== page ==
September is National Suicide Prevention Month, and as it comes to a close, prevention efforts must continue. Suicide is the tenth leading cause of death among Americans. And according to the Suicide Prevention Center, for every suicide death, twelve others have been attempted. The number grows for victims of sexual assault and rape. Feeling powerless and struggling with shame and self-blame, many victims turn to suicide as a way out of emotional burdens.
But suicide is 100% preventable – it just takes effort from a community of family and friends to prevent it. Recognize the warning signs of suicide and intervene. Here are some signs worth a second look…
Lost of Interest – It is rare to lose interest in something you are truly passionate about. If this happens to a friend, then chances are something is wrong.
Avoiding Social Events – Survivors of sexual assault may stop attending social events, even those with their closest friends and loved ones.
Feelings of Hopelessness and Guilt – Many survivors experience depression or post-traumatic stress disorder (PTSD). They may blame themselves for the assault, which can exacerbate negative feelings. These feelings may cause an increase in thoughts of suicide or self-harm.
Talk or Acts of Self-Harm – Do not take these comments or actions lightly. Talking or joking about self-harm, engaging in self-mutilation behaviors, and suicide attempts should all be taken seriously.
Trouble with School or Work – Survivors may find it difficult to maintain focus at school or work, resulting in poor performance.
Insomnia or other Sleep Disturbances – Traumatic events such as sexual assault can negatively affect sleeping patterns. Survivors may experience nightmares, night terrors, and other sleep disruptions.
Weight Loss or Gain – Feeling powerless, some survivors may try to reclaim control of their lives by controlling their diets. Choosing certain food, or avoiding it, may be an effort to take back control. Survivors may also find comfort or emotional relief in food. Stress and other emotional disturbances may affect appetite.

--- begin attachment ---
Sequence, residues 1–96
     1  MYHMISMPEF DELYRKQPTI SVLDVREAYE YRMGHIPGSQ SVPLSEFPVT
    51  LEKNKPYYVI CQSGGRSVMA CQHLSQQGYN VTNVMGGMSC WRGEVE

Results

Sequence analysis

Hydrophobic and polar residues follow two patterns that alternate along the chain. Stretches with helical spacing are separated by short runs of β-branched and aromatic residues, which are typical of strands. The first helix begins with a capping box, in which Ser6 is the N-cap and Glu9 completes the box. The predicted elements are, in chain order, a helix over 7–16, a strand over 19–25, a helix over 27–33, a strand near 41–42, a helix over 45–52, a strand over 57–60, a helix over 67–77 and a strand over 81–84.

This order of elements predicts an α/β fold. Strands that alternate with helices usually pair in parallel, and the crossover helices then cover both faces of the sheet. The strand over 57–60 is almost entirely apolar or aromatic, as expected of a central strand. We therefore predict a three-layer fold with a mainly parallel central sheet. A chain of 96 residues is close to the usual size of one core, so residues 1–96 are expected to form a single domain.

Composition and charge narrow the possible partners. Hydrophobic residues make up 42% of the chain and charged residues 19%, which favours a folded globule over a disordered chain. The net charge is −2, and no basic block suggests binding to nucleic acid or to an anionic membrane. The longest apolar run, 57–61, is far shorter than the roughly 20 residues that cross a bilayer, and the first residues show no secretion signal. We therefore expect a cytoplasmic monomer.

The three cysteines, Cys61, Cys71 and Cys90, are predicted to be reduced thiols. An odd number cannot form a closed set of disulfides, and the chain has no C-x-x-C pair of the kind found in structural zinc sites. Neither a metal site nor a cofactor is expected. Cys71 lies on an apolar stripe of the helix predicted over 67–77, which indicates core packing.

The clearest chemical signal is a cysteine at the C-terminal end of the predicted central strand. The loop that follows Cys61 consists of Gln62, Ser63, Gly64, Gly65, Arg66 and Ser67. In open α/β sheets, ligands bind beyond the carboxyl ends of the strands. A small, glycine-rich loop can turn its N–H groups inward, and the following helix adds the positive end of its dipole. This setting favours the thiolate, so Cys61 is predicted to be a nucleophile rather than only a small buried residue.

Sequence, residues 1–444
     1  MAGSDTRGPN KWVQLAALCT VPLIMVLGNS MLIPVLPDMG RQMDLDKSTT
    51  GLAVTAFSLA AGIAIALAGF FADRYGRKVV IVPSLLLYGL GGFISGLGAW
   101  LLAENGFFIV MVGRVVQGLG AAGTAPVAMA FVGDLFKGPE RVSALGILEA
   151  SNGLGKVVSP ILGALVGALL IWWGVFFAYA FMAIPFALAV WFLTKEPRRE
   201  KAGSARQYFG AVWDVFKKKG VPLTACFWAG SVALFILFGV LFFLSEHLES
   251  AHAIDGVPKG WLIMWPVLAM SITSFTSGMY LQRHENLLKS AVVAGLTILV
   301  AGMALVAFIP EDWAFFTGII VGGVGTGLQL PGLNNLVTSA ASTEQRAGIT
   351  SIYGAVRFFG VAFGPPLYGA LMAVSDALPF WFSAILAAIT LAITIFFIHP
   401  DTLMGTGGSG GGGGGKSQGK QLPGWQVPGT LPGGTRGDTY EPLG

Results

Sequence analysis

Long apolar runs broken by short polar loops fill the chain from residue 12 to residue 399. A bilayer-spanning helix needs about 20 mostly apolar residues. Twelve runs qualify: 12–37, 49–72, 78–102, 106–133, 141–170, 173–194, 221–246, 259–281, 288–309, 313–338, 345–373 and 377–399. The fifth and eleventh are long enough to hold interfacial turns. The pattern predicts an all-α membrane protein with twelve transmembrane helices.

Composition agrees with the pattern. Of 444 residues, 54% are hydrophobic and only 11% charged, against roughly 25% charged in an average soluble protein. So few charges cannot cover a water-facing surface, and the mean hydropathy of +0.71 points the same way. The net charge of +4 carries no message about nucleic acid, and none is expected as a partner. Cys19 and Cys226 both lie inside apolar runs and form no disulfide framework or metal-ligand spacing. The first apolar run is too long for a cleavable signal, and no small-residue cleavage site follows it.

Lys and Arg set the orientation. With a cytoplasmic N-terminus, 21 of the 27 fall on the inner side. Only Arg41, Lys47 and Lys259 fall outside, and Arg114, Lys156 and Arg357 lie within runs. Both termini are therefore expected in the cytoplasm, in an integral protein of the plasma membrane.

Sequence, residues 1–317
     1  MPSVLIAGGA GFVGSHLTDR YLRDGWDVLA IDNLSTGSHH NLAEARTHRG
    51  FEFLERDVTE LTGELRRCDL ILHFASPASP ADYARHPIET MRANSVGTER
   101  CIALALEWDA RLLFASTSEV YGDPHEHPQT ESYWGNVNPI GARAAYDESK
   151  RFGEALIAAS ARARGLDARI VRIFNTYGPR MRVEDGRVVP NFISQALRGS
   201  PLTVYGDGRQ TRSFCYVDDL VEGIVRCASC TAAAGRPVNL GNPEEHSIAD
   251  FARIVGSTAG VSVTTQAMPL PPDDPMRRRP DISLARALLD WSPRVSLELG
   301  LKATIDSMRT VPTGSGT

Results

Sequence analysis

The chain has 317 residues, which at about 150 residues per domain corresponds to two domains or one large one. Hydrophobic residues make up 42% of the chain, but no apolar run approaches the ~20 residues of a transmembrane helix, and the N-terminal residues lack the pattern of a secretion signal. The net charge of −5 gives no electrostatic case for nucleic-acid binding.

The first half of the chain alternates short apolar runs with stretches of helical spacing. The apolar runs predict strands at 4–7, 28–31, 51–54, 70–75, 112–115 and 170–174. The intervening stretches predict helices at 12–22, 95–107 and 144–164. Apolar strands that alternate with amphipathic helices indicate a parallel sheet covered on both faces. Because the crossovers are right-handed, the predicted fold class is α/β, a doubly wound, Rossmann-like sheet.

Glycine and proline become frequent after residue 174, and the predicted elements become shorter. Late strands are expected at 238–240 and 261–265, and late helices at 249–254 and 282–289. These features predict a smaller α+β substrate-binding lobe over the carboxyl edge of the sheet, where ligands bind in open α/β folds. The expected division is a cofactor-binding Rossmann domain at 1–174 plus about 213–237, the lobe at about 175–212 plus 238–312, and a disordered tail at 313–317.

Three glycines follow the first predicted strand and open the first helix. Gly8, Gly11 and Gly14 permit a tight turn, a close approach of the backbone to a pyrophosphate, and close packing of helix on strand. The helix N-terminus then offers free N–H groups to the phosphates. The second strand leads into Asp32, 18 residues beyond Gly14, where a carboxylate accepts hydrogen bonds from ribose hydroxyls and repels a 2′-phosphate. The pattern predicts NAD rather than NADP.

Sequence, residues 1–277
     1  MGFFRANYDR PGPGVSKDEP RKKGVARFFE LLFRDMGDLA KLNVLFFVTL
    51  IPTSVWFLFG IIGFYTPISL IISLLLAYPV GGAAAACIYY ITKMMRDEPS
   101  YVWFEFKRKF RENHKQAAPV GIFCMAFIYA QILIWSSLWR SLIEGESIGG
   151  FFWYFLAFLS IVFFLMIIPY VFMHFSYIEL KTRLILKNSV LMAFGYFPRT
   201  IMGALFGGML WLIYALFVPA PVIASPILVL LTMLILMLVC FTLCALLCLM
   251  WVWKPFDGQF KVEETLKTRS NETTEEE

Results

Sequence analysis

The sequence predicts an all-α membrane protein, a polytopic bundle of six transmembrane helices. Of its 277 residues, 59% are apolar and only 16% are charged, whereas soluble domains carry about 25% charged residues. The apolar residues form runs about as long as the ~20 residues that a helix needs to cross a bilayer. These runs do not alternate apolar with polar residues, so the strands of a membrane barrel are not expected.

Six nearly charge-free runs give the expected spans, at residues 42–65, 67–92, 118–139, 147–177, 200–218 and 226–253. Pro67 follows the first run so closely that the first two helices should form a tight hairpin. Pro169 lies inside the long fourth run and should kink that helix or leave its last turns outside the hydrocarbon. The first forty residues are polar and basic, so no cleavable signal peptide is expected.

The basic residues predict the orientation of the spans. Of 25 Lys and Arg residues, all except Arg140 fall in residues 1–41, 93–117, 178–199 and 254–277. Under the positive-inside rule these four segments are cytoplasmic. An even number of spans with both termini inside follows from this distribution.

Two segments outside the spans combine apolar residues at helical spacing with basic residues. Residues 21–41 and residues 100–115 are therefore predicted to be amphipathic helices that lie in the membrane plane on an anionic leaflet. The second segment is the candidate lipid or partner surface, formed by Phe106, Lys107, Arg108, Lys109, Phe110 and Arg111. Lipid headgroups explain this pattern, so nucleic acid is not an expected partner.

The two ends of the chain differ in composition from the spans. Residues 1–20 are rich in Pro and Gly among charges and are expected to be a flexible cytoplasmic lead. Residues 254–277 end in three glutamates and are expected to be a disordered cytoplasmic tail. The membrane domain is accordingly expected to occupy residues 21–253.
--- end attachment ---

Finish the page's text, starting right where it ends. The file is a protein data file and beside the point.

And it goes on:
All of these signs are pieces of a larger picture. If your friend or loved one exhibits any of these signs, they may be suffering from Post-traumatic Stress Disorder (PTSD). PTSD is a mental condition caused by a traumatic event. Research suggests that out of six anxiety diagnoses, PTSD alone has the strongest correlation with suicidal thoughts or attempts. Coping with PTSD, or any factors influencing suicide, is not easy. Still, your support can help make the healing process better for friends and loved ones.
Consider these tips in helping sexual assault survivors avoid suicide and self-harm:
Reach Out – Be present and active in the survivor’s life. Your support can help counter suicidal thoughts.
Listen – Give the survivor your full attention. Survivors may find solace in talking through their thoughts, and your support may suppress suicidal ideations and attempts.
Offer Help – Ask, “What can I do to help?” This simple question will let survivors know they are not alone. Coping is a collaborative effort, and expressing so can help uplift your loved one.
Seek Help – If your friend or loved one needs immediate help, call 911. Additionally, the Orange County Rape Crisis Center is always available to support survivors. The Center offers a 24-Hour Help Line, support groups, and therapy referrals in English and Spanish. You can also call the National Suicide Prevention Lifeline for help.
Emotional support makes all the difference to those suffering from suicidal thoughts. Our support can provide some relief. If you notice a change in your friend or loved ones’ lives, then be proactive. Awareness does not end with September. It continues with us.
N’Yaisha Aziz is our Social Media Intern. She works on a variety of outreach projects for education and advocacy.